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    Thread: cleaning the engine

    1. #1
      Senior Member Troy's Avatar
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      cleaning the engine

      Hey guys

      I see in pics of other engines and the look pretty clean. What do you guys do when it comes to cleaning your engines? Just the good old high pressure water gun at the local car wash or something else?



    2. #2
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      Quote Originally Posted by Troy View Post
      Just the good old high pressure water gun at the local car wash or something else?
      Modern engines, with a few exceptions like 1st gen Neons, do a pretty good job of keeping the oil on the inside. Without that being a problem, we've been able to keep our engines looking pretty new for 8+ years just by regularly keeping the plant matter and other road debris vacuumed out of the crevices, spot cleaning with a mild detergent, keeping on top of any battery corrosion, and promptly dealing with any fluid spills or leaks. So, I'd say my key tools for this are a shop vac with a good assortment of attachments and some damp rags. This is the vacuum set I use to reach the cracks and small spaces: 8 Piece Micro Vacuum Attachment Kit

      Most of our local DIY car washes have eliminated their engine wands and/or cleaners and I don't like the lack of pressure control with the regular cleaning wands - they tend to blow paint and decals off our older engines. I have an air powered engine cleaning tool, but is just okay for spot cleaning. It's easier on the paint and decals, but would take a looong time to clean a completely gunked up engine bay.

      Our Suburban engine was professionally detailed after 15 years and 200K+ miles. The steam cleaning did a beautiful job, but I would skip the spray they applied after cleaning to give everything that shinny "new" look. We had a minor A/C problem fixed a few months later and the shop still couldn't run a leak test because whatever they used with was still messing with the sensor on their detector. The other caution on sprays in the engine bay is the risk of silicone (Armor All, 3-in-1, etc) contamination of the O2 sensors. Probably not such an issue with the ducting on the Aveo, but something to be aware of - especially before you start cleaning the inside of your filter box.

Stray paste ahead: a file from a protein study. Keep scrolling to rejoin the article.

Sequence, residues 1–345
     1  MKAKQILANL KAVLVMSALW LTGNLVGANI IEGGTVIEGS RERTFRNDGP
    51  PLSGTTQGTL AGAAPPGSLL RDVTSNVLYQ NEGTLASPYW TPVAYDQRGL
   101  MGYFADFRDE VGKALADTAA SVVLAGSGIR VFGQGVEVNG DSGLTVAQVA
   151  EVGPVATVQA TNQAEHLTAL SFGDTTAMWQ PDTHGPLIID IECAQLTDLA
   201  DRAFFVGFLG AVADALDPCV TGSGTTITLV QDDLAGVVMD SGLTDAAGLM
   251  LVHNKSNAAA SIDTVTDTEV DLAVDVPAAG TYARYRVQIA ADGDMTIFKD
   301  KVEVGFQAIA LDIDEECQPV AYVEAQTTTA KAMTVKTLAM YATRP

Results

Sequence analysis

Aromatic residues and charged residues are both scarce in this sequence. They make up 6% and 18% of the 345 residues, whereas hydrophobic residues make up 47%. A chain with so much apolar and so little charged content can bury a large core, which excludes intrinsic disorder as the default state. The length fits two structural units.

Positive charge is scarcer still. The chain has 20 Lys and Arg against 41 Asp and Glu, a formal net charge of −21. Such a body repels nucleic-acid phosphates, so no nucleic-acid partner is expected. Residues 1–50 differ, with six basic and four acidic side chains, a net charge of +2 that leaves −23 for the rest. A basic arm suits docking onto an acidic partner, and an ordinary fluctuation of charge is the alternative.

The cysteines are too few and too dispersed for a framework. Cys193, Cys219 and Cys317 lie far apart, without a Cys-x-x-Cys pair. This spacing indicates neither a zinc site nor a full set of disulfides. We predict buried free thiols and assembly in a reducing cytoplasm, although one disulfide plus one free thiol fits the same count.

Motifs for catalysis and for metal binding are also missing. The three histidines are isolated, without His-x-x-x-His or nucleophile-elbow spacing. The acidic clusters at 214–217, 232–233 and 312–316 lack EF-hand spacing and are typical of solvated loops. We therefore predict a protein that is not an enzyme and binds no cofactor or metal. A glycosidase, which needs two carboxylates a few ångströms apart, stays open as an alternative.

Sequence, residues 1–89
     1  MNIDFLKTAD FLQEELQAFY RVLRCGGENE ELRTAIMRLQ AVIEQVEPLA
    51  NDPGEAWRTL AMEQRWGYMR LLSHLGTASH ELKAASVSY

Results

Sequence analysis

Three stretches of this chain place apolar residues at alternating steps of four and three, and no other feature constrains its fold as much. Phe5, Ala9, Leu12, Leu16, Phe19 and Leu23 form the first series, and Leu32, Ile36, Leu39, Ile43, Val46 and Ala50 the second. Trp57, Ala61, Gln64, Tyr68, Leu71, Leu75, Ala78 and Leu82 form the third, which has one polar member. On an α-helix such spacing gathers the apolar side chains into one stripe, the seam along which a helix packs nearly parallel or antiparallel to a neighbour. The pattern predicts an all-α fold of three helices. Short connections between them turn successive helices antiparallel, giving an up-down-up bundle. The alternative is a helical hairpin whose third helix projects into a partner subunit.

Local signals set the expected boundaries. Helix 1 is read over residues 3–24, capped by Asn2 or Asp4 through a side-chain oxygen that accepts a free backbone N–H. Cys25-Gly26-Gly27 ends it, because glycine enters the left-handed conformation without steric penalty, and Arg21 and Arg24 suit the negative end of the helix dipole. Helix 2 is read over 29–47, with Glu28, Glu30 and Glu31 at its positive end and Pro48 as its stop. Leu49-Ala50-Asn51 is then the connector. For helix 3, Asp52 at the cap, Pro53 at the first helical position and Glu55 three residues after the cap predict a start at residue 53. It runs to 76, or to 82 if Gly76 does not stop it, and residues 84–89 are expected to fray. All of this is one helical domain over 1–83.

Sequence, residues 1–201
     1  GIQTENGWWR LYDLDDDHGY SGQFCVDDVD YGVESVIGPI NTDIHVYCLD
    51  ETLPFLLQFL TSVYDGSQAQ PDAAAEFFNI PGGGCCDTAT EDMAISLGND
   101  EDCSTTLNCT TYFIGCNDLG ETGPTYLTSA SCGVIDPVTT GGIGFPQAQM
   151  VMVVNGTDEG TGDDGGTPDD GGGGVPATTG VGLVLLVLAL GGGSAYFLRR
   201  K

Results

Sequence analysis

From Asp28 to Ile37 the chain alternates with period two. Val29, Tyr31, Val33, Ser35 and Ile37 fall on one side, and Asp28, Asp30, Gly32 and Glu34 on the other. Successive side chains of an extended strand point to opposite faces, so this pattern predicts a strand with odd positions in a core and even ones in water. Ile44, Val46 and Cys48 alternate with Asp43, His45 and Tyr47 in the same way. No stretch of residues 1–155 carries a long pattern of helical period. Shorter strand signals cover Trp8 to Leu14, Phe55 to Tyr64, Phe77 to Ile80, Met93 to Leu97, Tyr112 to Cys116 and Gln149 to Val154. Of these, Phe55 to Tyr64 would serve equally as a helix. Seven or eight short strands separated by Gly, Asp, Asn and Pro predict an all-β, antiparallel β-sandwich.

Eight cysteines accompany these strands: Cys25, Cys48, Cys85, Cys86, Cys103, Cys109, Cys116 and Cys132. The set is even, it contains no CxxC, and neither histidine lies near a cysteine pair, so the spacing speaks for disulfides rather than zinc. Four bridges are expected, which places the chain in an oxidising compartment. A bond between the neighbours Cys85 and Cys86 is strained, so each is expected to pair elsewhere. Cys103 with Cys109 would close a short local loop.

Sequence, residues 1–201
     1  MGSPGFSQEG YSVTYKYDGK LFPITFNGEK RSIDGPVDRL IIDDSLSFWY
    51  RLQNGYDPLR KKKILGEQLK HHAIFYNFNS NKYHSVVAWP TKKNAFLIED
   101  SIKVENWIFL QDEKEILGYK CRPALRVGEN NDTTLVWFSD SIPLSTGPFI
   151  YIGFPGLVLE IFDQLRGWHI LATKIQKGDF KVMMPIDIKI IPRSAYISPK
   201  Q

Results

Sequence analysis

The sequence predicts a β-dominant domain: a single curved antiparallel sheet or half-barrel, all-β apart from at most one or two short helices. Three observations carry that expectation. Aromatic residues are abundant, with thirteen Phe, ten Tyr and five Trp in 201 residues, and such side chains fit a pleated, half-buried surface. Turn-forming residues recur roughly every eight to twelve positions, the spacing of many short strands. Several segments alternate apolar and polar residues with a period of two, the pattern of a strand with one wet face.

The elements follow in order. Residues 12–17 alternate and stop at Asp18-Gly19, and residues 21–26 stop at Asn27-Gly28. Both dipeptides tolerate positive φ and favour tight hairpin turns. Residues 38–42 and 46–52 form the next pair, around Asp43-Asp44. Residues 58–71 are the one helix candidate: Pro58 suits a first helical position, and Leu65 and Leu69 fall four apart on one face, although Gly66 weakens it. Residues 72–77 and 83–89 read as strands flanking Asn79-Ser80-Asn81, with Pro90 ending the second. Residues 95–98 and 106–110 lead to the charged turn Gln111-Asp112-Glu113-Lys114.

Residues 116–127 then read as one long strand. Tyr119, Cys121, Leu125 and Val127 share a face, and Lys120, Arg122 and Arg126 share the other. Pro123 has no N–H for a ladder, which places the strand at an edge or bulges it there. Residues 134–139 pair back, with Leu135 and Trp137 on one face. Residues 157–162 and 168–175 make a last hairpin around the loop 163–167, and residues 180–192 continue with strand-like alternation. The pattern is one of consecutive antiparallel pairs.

Last edited by rodo; 10-24-2011 at 07:07 PM.

    3. #3
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      I usually wash my 09 engine once a month at the local car wash.... haven't had a problem yet....27 months and counting. I keep it running while I spray it .... I am a little old school and can still remember on my older cars I would get moisture in my distribuitor cap and my car wouldn't start

    4. #4
      Junior Member serialize's Avatar
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      I haven't actually washed my engine (water/soap/detergent etc) ..